Views expressed in opinion columns are the author’s own.

We expect our government to keep its promises. The state of Maryland promised to provide quality health care to its retired faculty, staff and other state employees. In a cost-cutting move, it is poised to break this promise.

By the end of the year, the state could restrict prescription drug coverage for its retired state employees by replacing the current state plan with federal plans that may not cover the same medications. This could force some people to confront massive increases in out-of-pocket costs for life-saving prescriptions. Even worse, those who don’t sign up for the federal plan will be left without prescription drug coverage.

This state made a promise to its employees. Maryland should keep it by restoring its drug plan and paying hospitals directly instead of contracting private insurance providers.

The value of the state’s former plan was its certainty — employees could look to the future and know what coverage they would have as retirees and how much that coverage would cost. With the obscene cost of prescription drugs, Maryland’s broken promise will leave many scrambling to break even.

Medicare Part D, the federally funded replacement plan Maryland is set to take on, is likely to become entangled in wider political debates. Political opposition to Obamacare, which reduced costs for those on Part D, remains strong — Donald Trump has promised to repeal Obamacare if elected to a second term. If this happens, Marylanders forced onto Medicare Part D could see their out-of-pocket costs skyrocket.

Despite all the downsides of Part D, the decision to change the state’s health care plan was a cost-saving measure. However, Maryland could keep the plan while still saving costs by making the plan use reference based pricing, where employers can set a ceiling on charges instead of providers choosing a cost, instead of private.

Under a traditional private plan, states contract private insurance companies to provide state-funded health care. These providers can negotiate ludicrously expensive billing agreements with hospitals. Under these private plans, the state is forced to pick up a portion of this unnecessarily massive bill.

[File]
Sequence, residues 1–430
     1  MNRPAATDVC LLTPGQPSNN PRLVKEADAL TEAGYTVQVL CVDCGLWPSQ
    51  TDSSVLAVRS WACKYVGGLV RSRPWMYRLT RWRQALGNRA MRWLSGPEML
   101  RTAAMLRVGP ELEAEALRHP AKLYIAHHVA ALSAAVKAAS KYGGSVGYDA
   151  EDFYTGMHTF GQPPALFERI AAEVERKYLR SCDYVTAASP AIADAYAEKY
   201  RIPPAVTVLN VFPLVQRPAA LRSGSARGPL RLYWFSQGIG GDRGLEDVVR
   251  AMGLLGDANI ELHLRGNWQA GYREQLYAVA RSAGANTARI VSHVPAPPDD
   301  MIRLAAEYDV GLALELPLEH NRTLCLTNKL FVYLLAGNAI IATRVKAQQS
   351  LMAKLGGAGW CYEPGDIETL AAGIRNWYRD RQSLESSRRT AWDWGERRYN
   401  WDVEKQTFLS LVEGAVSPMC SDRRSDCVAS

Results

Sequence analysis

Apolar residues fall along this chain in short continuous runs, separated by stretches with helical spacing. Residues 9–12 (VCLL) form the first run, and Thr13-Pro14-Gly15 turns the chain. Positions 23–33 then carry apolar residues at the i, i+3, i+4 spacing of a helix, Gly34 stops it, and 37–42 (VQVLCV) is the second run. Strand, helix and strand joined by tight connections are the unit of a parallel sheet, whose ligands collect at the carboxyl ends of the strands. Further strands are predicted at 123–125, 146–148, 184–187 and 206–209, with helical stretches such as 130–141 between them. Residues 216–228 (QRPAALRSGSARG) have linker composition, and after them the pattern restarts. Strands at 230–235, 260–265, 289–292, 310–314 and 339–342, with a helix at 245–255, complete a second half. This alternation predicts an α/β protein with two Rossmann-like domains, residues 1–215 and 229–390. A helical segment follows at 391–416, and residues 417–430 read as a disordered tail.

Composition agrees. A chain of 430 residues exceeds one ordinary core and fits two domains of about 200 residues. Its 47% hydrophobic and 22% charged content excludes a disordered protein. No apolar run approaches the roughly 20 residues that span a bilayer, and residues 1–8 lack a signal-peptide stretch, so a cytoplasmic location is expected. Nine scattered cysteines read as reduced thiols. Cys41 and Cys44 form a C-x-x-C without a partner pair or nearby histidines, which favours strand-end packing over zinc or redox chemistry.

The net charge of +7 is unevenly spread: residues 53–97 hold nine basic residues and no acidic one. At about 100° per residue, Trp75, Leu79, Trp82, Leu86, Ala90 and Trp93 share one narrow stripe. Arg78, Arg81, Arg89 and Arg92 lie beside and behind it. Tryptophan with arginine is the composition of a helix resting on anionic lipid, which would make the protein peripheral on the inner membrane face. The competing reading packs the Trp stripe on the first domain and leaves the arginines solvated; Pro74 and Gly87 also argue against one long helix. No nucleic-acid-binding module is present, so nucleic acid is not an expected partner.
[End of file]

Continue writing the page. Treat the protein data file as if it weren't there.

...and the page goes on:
For example, say a patient under a private plan is prescribed blood thinners at a hospital. The private insurance provider the patient is covered under will pay whatever amount it negotiated for that specific drug at that specific hospital, then forward portions of that bill to the state and the patient.

North Carolina takes a different approach through a reference-based pricing plan. All its payouts for state health care costs are made in reference to federal Medicare payouts. For every drug covered under Medicare, the federal government will pay a portion of its costs. North Carolina takes those specific payouts, adds an additional fixed percentage and pays that amount to hospitals for each drug covered under the plan. This ensures hospitals maintain a profit healthy enough to keep them in business.

For example, say a patient under North Carolina’s plan is prescribed blood thinners at a hospital. North Carolina takes what Medicare would pay for those blood thinners, adds on a fixed percentage, then pays that amount to the hospital. Then, depending on the plan’s specifics, the patient pays a small amount of the bill.

By using a state-funded reference-based pricing plan, the state pays less than it would on a private plan, since it caps states’ payouts to hospitals. This allows states to keep pace with the cost of these plans.

These savings also come back to citizens. By reducing the overall cost of health care, these plans reduce the amount people on the plan have to pay. In North Carolina, state retirees are projected to be spared up to $60 million in out-of-pocket expenses, thanks to the new plan.

North Carolina isn’t the only state to adopt this policy — Montana and Oregon adopted similar policies in 2016 and 2019, respectively. If Maryland follows these states’ examples, it will save money by avoiding costly private insurance providers and ensure retirees can keep their medications.

Maryland doesn’t need to ax its drug plan. Reference based pricing can save costs and sustain the plan, allowing those on it to keep their coverage and avoid plunging into debt from sudden out-of-pocket cost increases.

Leaving retirees in the lurch isn’t a solution, but a reference based pricing option is. Retirees have served Maryland faithfully. Now, it’s time for Maryland to serve them. 

Ben Dodge is a freshman computer science major. He can be reached at